In remembrance of The Great War during this centenary year, this blog will explore the intriguing social history of that tumultuous time. The first two of my Muskoka Novels – "The Summer Before the Storm" and "Elusive Dawn" – take place from 1914-1918. During my four years of research I accumulated a trunkful of notes, and will illuminate some of the more interesting and unusual tidbits, beginning with the Age of Elegance.
Monday, January 13, 2014
The Canadian Elite
There were plenty of wealthy
Canadian cottagers in Muskoka as well. Timothy Eaton, who created a
mercantile empire that dominated the country for well over a century, had a
cottage at Windermere on Lake Rosseau. His son, John – along with his wife
Flora - built this luxurious summer home, Kawandag, further north on the lake
in 1906. It had stables and a private golf course.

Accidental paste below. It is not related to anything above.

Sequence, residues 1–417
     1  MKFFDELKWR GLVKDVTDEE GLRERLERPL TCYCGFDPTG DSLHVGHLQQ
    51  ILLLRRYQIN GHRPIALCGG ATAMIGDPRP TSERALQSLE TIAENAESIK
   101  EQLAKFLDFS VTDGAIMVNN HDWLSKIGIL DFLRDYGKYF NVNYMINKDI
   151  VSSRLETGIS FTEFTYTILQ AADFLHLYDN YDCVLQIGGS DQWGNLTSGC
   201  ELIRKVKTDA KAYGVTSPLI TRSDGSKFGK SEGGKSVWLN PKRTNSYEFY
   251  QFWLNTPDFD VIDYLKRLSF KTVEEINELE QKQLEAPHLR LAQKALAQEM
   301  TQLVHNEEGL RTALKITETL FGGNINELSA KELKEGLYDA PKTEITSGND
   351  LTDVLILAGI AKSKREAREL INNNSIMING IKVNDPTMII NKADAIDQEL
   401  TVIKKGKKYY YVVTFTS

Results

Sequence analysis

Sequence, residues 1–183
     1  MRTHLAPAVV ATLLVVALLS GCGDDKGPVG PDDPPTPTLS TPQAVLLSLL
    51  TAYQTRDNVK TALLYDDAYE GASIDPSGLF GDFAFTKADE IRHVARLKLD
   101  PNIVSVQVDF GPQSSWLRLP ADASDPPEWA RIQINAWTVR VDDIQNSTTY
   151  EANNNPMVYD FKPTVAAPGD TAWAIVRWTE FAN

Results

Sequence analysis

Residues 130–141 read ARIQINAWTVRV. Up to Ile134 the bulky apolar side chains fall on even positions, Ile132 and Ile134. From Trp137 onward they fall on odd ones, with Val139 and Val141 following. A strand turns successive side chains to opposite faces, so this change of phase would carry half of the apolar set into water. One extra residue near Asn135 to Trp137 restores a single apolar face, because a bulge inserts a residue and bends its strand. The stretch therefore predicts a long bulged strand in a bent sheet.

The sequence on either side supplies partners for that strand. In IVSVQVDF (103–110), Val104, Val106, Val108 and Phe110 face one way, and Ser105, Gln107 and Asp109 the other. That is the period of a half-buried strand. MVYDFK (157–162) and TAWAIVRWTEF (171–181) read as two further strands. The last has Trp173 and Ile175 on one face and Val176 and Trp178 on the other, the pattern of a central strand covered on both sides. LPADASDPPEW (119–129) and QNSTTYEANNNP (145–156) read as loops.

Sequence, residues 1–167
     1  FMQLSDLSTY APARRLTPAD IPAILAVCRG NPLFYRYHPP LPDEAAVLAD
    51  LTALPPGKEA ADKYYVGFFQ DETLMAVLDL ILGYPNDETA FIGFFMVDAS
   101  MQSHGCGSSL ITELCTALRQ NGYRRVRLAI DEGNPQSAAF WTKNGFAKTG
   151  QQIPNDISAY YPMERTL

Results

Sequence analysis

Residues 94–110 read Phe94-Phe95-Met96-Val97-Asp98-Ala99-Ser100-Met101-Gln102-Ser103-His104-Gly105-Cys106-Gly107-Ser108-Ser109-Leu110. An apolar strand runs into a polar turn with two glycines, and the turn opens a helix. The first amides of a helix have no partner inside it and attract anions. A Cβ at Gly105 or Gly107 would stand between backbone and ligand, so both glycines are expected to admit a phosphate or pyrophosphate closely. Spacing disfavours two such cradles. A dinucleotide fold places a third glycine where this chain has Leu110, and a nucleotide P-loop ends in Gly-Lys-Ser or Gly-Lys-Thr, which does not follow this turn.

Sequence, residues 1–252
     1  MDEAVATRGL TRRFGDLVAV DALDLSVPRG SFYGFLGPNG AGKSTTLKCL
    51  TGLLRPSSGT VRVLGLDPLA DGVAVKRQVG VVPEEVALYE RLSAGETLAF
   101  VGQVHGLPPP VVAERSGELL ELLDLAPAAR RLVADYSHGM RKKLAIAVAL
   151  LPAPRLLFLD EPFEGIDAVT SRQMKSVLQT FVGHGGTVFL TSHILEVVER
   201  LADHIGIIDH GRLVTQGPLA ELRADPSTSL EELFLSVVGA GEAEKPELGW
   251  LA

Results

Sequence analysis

The Eatons often entertained
illustrious visitors. Canadian opera
legend, Edward Johnson, who became Director of the New York Metropolitan Opera,
was a good friend, and sometimes stayed for weeks at Kawandag to rest and
This was John and Flora’s Toronto
home, Ardwold, which had 50 rooms, 14 baths, a hospital infirmary with two
nurses on staff, and a half-acre glassed area housing a swimming pool and a
conservatory. It was completed in 1911, sold in 1936, and demolished for a
John Craig Eaton was knighted in
1915 for his philanthropic activities and his contributions to the war effort.
Sir John continued to pay wages to 3,300 Eaton employees on active military
service for the duration of the war at a cost of over $2 million.